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Australian philosopher, literary critic, and professional writer. Author of FREEDOM OF RELIGION AND THE SECULAR STATE and HUMANITY ENHANCED.

Saturday, January 28, 2012

A temple for atheists

On the face of it, this seems like a crazy idea to me. Atheism isn't a belief system in itself, and atheists should not be acting as if it is by mimicking the trappings of religion. I suppose I should read Alain de Botton's new book, when it is finally published (it's getting a helluva lot of advance publicity), but what I'm reading about it so far doesn't sound useful or plausible.

Pity - I quite liked some of his earlier work. But this seems like he's going off on a frolic of his own.

9 comments:

Jason Streitfeld said...

Sounds like a monument, not a temple.

Anonymous said...

If he wants monuments or temples to the values we hold precious, he should ride the Tube out to Kensington and visit the Natural History Museum. The place in general reminds of a cathedral, and specifically there's the "Tree" (ie. of life) installation on the ceiling of one of the rear halls. And of course, the figure of Darwin presiding contemplatively over the main hall.

(Anyways, his proposed design is horribly derivative: time-as-length, with humanity a little sliver at the end, and the DNA code, has been done to death!)

Anonymous said...

???

Previous comment was me, Eamon Knight. Don't know why Blogger is neither picking up my Google ID, nor asking me to log in.

Myron said...

How about a temple of nature?
There is such a thing as religious naturalism:

http://www.religiousnaturalism.org/

* Stone, Jerome A. Religious Naturalism Today: The Rebirth of a Forgotten Alternative. Albany, NY: State University of New York Press, 2008.

Anonymous said...

Atheists already have temples. They're called Libraries, Science Museums, and Universities.

Svlad Cjelli said...

There is no Alain de Botton. He is now Alain of Many Colours.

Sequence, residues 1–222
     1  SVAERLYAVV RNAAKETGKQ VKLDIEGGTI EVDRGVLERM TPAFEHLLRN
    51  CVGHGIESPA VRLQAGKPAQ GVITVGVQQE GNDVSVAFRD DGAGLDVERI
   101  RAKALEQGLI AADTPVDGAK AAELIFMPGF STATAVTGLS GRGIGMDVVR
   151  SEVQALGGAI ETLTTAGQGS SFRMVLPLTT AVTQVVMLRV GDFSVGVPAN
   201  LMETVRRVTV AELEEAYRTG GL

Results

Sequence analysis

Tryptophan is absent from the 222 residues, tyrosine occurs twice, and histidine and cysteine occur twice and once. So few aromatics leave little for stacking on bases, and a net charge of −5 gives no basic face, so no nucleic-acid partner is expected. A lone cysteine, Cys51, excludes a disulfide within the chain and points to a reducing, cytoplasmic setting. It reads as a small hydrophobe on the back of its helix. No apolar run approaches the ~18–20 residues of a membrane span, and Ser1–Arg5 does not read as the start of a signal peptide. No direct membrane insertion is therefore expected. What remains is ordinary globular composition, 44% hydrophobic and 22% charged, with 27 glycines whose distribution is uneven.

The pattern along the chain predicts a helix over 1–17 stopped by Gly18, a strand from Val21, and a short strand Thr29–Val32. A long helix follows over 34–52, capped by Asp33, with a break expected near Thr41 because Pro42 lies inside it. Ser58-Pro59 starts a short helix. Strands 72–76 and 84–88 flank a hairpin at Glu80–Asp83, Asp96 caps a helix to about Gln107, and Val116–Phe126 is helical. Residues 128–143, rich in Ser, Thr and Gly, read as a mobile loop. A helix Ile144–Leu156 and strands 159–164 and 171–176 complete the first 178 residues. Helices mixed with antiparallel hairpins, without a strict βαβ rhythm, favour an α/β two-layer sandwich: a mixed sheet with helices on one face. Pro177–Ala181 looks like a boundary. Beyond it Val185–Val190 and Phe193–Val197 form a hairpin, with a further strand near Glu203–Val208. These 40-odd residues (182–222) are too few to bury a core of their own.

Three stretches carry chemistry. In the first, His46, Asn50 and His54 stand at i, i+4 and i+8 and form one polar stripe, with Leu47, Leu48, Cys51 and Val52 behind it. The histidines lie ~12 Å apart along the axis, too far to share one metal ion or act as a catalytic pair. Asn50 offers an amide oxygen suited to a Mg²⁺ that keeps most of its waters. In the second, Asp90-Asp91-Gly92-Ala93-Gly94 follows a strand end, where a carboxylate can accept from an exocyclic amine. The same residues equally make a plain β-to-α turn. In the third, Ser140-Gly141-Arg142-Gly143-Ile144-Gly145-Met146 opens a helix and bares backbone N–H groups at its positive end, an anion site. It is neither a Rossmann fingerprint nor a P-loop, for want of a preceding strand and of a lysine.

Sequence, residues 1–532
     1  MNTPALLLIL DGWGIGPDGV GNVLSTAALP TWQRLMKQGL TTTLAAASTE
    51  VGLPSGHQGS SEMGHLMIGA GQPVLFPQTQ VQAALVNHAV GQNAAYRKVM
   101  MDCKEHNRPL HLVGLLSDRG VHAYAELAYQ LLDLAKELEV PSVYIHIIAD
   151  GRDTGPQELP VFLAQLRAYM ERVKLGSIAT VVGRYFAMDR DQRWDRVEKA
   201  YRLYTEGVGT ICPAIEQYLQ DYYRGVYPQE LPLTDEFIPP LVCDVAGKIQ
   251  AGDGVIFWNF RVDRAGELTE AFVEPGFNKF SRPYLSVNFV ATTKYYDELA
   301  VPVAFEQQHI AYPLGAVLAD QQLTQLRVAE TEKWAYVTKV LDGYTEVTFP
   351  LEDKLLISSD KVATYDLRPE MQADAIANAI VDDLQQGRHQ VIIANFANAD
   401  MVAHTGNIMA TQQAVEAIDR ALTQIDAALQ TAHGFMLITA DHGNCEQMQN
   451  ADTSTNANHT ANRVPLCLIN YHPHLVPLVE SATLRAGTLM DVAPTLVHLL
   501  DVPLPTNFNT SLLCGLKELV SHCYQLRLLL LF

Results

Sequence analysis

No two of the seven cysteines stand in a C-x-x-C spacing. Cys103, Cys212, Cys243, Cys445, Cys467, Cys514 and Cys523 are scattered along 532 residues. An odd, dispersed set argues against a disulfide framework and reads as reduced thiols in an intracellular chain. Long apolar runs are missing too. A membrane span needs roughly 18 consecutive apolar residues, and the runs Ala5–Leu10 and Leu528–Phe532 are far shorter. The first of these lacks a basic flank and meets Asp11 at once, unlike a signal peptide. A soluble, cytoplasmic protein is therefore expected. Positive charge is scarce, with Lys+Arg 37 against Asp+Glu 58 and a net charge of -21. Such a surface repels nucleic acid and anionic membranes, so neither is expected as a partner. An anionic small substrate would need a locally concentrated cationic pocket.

Anthony said...

A quick google search led to a brief article dated June 2008 at a location called "Standpoint" with a title all but identical to de Botton's new book. As best I can tell, it declares atheism to be correct about all that God business (rendering all further argument on that point dull and of interest only to fanatics) but then declares our contemporary liberal states to be in need of a godless religion with a transcendent core that tells people how to live. This is needed as the vast majority of people are doomed to find love and work meaningless or unattainable, and so they need the consolation of religious trappings which, history shows us, are more important to people than the actual beliefs. If this is a fair synopsis of the book I think I'll pass.

Anthony said...

And at first glance the religious naturalism site is interesting, but as I understand de Botton's article, he wants rituals, ceremonies, bibles and korans and talmuds, cathedrals and temples and mosques, feast days, and inspiring art and stories about saints and heroes.

Anonymous said...

I think there is something to the idea that there are some worthwhile things that are worth saving from religion. It has insinuated itself into many parts of our lives. Secularising charity and holidays for instance is good work, I don't think these should be casually done away with because religion likes to claim them for its own. But from what I hear Alain de Botton (whose books I have read and enjoyed) seems a little off beam of what he thinks is worth saving.